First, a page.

When I think of Tibetan Mastiffs, I think of massive dogs that are really just big teddy bears. However, that’s not quite the case. Originally bred as guard dogs in the Himalayan Mountains, they grow to an average height of 26 to 30 inches and between 90 to 150 pounds as males, and 24 to 28 inches tall and 75 to 120 pounds as females.
They can often be used around ranches to alert homeowners and ranchers of predators like wolves, and in places like Tibet, they are still used to protect homes, but less so to protect livestock. Nevertheless, they’re still a pretty ferocious breed when they need to be.
Here’s the proof that Tibetan Mastiffs are not to be messed with. In this video footage, we see a Mastiff hovering over a lone wolf that’s snacking on what appears to be a carcass of some sort. The wolf is described as the elder of the pack, who is being protected by the dog.
You can see the rest of the pack circling and trying to get a bit for themselves, but the Mastiff viciously growls at them and snaps at them, scaring them away for brief periods as it protects the lone wolf eating. It’s pretty wild to see just how intimidated the rest of the pack is of the massive dog, and the dog goes from house pet to relentless protector in a heartbeat.
According to an article, this scene comes from a “wolf farm” in China, and the dog grew up among the wolves from a very young age. The dog was initially bigger and essentially the “leader of the pack” until the wolves grew into mature wolves and challenged his rule. One wolf emerged as the pack leader, however it formed a close bond with the dog. As the wolf grew older and younger pups challenged him for food, the dog would often protect the wolf, allowing him to eat first.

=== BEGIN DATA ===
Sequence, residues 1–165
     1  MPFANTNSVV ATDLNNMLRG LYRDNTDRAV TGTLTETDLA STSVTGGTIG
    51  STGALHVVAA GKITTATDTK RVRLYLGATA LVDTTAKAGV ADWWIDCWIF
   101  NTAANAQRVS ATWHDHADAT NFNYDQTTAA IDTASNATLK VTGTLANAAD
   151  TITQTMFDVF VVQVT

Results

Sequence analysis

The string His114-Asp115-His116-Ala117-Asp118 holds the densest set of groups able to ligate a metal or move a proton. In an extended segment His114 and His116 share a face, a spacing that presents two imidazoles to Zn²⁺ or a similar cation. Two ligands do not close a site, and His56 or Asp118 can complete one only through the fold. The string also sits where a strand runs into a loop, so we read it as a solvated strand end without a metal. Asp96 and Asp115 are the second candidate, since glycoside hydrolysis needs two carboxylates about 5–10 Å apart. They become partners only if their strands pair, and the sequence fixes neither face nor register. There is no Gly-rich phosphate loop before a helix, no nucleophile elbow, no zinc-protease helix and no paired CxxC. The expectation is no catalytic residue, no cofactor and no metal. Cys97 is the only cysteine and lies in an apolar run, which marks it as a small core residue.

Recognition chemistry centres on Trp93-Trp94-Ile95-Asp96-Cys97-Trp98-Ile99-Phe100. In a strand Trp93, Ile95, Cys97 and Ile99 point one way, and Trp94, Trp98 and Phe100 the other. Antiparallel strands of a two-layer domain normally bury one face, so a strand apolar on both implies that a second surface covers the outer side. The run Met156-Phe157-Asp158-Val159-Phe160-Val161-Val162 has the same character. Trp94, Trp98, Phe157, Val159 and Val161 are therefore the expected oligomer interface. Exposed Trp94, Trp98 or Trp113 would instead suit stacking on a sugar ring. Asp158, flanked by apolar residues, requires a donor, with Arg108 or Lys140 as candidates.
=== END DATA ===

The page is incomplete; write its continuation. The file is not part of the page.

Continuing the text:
It’s a pretty wild story, and who knows how accurate it is, but seems pretty damn cool to me. Wolf pack dynamics are so intriguing. And for anyone thinking these are coyotes, they are not. They are most likely a Himalayan wolf (sometimes known as a Mongolian wolf or Tibetan wolf), which tend to be much smaller than the North American Grey wolf.
Needless to say, I’m sure the lone wolf is thankful that it got a massive meal all to itself in thanks to the Mastiff.